Department of Natural Resources Conservation University of Massachusetts at Amherst
in Partial Fulfillment of the Requirements for
FOREST 698: PRACTICUM
Pine-oak forests comprise 46% of the vegetation of Cape Cod National Seashore. Flammable ericaceous shrubs, especially Gaylussachia baccata, dominate the understories and combined with heavy litter fuel loads increase the probability of intense surface fires. Past research has evaluated the use of brush cutting and prescribed burning to reduce fire hazard and to construct custom fuel models to predict fire behavior. Results suggest that the two treatments combined will better accomplish this goal than when they are applied separately. The goal of this project is to evaluate the effectiveness of combined treatments.
Manuel F. Correllus State Forest JFSP Report: "Wildland Fuel Management Options for the Central Plains of Martha’s Vineyard: Impacts on Fuel Loads, Fire Behavior and Rare Plant and Insect Species" (Patterson, Clarke, Haggerty, et al. May 2005)
Eighty-three page final report submitted to the Massachusetts Department of Conservation and Recreation - 2005
Final report to Joint Fire Science Program, 2004
Alteration of natural habitats by woody invasive plants is a concern for land managers throughout the northeastern United States. Invasive species – both native and exotic – can adversely impact plant communities and alter fire regimes. Although there is some information on the impacts of invasive species on habitats in the Northeast, few studies have addressed best management practices for controlling or eliminating these species and no studies have evaluated their impacts on fire regimes.
What fire research is most needed in our region? Read this report to delve into the perspectives of NAFSE’s community and to discover a response. Jessica Charpentier, student at Antioch University of New England, used a scientific approach to analyze available information for her service learning project. Managers make decisions using sound research and identifying needs for more research can call attention to the gaps. This study shows that increasing research in two areas could most improve prescribed burn implementation. The two needs are: a) regionally specific experimental prescribed fire and post-burn monitoring, and b) research on public knowledge gaps and strategies for influencing attitudes. Read the full report for more details.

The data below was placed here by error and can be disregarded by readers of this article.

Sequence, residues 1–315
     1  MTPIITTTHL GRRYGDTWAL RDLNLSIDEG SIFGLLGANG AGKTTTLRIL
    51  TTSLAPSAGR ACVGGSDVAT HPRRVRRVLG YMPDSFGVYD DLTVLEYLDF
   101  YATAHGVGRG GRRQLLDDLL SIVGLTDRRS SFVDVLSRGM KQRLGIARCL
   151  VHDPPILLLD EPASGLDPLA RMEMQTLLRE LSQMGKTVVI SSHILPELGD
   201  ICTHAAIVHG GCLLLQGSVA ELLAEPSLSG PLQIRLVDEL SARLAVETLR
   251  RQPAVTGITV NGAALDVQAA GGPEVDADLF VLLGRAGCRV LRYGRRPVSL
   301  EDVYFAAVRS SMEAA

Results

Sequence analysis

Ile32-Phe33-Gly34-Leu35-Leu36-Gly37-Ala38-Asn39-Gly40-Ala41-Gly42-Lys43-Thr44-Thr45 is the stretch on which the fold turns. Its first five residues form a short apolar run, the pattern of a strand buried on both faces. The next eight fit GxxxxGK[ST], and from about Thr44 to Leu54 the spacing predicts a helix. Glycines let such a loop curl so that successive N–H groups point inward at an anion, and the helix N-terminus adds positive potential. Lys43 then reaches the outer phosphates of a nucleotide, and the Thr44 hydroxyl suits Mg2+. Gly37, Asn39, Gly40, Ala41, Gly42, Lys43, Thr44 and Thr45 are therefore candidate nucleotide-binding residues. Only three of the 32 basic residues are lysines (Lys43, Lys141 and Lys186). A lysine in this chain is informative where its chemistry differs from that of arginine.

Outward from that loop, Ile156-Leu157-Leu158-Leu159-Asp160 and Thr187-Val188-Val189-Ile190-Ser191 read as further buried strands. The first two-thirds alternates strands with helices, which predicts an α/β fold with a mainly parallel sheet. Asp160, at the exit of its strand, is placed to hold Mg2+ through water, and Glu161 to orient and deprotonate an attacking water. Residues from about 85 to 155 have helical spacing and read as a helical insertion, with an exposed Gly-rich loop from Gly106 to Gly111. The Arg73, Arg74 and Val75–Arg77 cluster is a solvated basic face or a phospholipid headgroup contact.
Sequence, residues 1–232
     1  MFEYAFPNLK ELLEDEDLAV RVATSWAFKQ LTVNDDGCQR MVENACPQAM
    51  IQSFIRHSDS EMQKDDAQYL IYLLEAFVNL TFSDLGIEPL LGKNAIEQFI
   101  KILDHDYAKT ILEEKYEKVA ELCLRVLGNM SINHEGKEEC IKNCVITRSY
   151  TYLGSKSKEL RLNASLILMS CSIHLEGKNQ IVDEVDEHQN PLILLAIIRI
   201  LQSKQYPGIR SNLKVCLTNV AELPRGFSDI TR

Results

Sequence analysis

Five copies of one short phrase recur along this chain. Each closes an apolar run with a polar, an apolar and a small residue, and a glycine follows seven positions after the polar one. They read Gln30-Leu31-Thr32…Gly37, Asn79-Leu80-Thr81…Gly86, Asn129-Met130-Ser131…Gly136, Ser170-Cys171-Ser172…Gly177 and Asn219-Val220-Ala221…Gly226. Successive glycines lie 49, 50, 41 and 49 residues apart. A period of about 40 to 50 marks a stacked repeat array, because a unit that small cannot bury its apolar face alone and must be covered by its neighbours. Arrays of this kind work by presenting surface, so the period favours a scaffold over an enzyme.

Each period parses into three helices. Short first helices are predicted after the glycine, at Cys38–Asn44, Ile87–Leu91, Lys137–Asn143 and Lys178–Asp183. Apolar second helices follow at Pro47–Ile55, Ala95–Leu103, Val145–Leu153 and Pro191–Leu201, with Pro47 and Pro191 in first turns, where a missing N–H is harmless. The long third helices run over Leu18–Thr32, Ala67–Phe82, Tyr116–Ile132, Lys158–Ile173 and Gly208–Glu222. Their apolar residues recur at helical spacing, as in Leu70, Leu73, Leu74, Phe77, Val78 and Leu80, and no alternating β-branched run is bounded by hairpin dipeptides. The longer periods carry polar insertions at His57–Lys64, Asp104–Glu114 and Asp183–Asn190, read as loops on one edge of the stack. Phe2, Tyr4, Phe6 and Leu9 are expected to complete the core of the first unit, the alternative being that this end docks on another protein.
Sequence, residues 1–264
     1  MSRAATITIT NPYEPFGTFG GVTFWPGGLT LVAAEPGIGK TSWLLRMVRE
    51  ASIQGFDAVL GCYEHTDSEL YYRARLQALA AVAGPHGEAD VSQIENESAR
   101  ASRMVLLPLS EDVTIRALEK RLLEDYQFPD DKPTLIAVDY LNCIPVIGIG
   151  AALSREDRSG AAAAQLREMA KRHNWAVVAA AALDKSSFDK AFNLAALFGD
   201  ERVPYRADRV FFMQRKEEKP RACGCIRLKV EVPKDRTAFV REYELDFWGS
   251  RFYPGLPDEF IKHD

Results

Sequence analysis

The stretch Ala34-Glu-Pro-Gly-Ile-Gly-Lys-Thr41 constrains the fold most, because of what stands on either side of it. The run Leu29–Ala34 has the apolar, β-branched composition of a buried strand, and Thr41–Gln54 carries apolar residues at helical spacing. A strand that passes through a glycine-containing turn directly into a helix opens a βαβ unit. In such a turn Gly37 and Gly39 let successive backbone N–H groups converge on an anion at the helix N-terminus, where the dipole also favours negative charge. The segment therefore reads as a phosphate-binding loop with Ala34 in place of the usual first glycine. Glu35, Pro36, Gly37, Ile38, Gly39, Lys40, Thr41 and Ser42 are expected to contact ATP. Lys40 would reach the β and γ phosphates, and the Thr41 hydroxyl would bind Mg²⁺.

Contact Jess Charpentier at firstname.lastname@example.org for more information.
Also included here is the compilation of available grey literature that Jess Charpentier put together which has been posted to the Reports and Data section of our website.
Summary: 1) In 2005, Science and Stewardship Department staff initiated a comprehensive research project aimed at documenting the effectiveness of prescribed fire in maintaining globally rare sandplain grasslands and heathlands at Head of the Plains.Read More
The geomorphology and surficial geology of 7 savannas in the Mullica and Oswego River basins was surveyed using airphoto analysis, soil augering, radiocarbon dating, and topographic profiling.Read More
In this study, the history of a savanna is traced using pollen and charcoal preserved in peat, especially to determine whether it predates Euroamerican clearing in the region, and to evaluate the importance of fire in its establishment and maintenance.Read More
Until 2011, Nantucket shadbush was listed as a species of “Special Concern” in Massachusetts, under the Massachusetts Endangered Species Act. While it is still considered uncommon throughout much of its range, recent surveys have led to the removal of its “Special Concern” status. However it still remains ranked “1” for rarity in the northeast, and the island of Nantucket is likely home to some of the largest and healthiest populationsRead More
An important factor on whether or not an intense surface fire with cause torching of individual trees, which can lead to the development of a crown fire, is the moisture content of the foliage in the overstory trees. The moisture content of the foliage of pitch pine (Pinus rigida Mill), white pine (Pinus strobus L.) and red pine (Pinus resinosa Ait.) was examined at Acadia National Park, Maine.Read More
Vegetation, landcover, and fuels were mapped within an 8,166-acre area of the Ossipee Pine Barrens in Carroll County, New Hampshire. The Nature Conservancy divides the Ossipee Pine Barrens landscape into three sections: White Lake State Park, Pine Barrens East, and the West Branch Pine Barrens. The mapping area covers the entire West Branch Pine Barrens, and a small portion of Pine Barrens EastRead More
Abstract: The Ossipee Pine Barrens, a globally rare natural community type occurring in east central New Hampshire, once covered an estimated 2,800 hectares (ha). Habitat conversion has reduced the barrens to approximately 800 ha and habitat fragmentation and fire suppression have significantly degraded what remains.Read More